From this perspective, the triple combination of clarithromycin plus amoxicillin and metronidazole with a PPI (without bismuth) has previously been examined as a nonsequential regimen, which proved its efficacy. Thus, the concept of a non-bismuth quadruple regimen (or concomitant treatment) has recently emerged as an effective regimen for eradicating H. pylori.[27],[28],[29] Traditional standard triple therapy (PPI, clarithromycin, and amoxicillin) can easily be converted to concomitant therapy by adding 500 mg of metronidazole or tinidazole twice daily.[30] A meta-analysis of 19 studies revealed a mean H. pylori cure rate of about 90% for concomitant therapy. A trend toward better outcomes with longer treatment durations with the concomitant regimen has been observed.[31] Experience with the quadruple therapy in patients with metronidazole-resistant strains is still very limited. Although susceptibility guided treatment would be the best first-line option, it is clinically applicable in different parts of the world. Guidelines still recommend empirical approach for 14-day treatment for the eradication of H. pylori to provide simplicity for clinicians.[29] Evidence supporting these conclusions is insufficient because no studies with an appropriate design have been performed. With these considerations in mind, we designed the present randomized controlled trial to compare the efficacy of clarithromycin-based triple therapy (omeprazole, amoxicillin, and clarithromycin) and no-nbismuth based quadruple therapy (omeprazole, amoxicillin, clarithromycin, and metronidazole) for the eradication of H. pylori in treatment-naïve patients with H. pylori-related chronic gastritis in Kuwait.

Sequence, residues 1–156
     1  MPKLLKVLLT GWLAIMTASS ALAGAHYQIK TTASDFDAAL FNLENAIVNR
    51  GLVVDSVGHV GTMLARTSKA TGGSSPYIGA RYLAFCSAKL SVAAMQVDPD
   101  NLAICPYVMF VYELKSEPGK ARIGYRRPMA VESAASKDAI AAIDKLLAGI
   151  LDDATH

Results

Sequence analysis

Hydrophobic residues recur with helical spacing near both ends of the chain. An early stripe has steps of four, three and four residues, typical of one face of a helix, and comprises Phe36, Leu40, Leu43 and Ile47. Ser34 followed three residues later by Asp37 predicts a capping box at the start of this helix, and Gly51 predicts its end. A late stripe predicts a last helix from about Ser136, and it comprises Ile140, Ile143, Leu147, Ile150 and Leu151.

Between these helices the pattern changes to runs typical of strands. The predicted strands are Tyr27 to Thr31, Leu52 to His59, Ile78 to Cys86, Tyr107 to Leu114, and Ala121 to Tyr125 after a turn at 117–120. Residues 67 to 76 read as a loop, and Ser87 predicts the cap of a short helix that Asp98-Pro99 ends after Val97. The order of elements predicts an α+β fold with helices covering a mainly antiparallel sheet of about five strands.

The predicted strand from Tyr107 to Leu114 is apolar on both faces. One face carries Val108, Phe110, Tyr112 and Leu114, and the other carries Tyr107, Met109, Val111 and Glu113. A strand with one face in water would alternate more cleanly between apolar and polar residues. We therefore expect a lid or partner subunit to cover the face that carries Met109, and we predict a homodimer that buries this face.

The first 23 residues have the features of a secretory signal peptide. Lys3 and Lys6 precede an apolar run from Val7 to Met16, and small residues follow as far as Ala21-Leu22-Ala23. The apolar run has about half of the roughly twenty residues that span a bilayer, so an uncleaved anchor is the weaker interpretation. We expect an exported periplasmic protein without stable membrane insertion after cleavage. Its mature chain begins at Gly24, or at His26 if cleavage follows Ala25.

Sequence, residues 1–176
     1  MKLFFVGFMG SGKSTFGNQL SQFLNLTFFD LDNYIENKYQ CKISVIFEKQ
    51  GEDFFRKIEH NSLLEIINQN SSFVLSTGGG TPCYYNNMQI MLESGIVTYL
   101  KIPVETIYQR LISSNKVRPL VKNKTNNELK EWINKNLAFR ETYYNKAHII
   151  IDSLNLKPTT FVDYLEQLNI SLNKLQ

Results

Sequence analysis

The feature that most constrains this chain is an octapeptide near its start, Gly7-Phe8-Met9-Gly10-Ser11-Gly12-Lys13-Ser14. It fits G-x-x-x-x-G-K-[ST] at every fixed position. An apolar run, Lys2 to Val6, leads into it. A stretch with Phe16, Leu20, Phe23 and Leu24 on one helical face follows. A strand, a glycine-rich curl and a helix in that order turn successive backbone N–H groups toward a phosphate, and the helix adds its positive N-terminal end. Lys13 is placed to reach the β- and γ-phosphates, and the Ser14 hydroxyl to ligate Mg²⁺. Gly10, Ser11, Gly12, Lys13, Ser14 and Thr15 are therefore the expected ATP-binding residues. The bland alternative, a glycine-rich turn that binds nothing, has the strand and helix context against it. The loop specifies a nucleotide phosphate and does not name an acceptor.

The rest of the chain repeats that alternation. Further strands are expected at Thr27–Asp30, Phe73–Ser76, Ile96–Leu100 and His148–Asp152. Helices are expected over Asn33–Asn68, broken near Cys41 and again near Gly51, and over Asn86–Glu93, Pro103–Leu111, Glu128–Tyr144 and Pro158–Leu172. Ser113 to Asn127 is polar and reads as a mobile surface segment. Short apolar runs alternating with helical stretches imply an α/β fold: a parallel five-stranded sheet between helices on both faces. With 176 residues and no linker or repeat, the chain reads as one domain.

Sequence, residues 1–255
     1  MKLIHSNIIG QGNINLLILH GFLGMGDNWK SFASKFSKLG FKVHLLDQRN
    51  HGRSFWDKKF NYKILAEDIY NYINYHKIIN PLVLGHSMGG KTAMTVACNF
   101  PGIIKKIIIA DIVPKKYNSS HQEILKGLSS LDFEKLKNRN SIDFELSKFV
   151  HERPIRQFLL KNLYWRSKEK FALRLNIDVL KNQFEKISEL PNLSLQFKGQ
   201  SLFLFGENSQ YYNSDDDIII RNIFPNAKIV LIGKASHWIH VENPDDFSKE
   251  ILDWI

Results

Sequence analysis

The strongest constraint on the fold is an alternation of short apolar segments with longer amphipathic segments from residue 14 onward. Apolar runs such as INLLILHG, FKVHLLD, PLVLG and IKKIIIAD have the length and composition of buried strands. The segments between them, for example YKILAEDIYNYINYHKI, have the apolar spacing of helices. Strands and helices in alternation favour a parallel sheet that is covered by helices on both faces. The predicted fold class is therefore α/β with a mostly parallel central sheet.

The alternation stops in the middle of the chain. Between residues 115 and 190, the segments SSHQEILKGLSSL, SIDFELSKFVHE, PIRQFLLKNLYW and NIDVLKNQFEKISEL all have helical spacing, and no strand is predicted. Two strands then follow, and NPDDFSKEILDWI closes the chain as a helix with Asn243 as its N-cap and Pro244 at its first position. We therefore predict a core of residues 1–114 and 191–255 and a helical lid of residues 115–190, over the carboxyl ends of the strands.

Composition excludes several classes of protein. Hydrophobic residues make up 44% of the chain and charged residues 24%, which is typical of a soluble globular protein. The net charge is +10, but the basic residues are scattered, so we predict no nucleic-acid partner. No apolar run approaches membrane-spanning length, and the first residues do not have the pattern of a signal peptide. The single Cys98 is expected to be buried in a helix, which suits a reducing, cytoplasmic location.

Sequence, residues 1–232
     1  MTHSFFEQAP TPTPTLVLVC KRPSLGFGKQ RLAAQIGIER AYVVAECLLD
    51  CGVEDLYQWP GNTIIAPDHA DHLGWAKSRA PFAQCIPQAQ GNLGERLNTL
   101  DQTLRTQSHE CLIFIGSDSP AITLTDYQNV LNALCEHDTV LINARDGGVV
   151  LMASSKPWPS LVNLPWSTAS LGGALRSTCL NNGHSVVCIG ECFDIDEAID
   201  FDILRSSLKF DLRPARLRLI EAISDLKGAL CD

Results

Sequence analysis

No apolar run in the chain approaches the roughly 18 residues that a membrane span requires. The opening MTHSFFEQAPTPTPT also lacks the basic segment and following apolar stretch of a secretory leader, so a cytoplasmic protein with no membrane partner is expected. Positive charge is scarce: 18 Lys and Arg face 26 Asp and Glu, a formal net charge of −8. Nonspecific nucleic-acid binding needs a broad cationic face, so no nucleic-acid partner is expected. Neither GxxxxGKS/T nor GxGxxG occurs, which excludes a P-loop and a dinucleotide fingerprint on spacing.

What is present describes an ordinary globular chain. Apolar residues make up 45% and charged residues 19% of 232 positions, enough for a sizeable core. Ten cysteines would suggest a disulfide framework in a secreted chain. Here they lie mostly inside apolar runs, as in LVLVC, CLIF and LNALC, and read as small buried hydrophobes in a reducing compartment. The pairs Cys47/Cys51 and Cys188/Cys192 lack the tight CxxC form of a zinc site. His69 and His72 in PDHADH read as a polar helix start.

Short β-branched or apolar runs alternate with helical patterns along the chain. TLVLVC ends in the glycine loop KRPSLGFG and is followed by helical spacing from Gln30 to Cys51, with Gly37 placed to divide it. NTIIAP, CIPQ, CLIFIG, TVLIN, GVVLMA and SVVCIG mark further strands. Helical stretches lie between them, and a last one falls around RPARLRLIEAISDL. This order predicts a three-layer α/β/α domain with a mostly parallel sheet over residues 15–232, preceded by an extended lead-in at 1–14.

Methods Top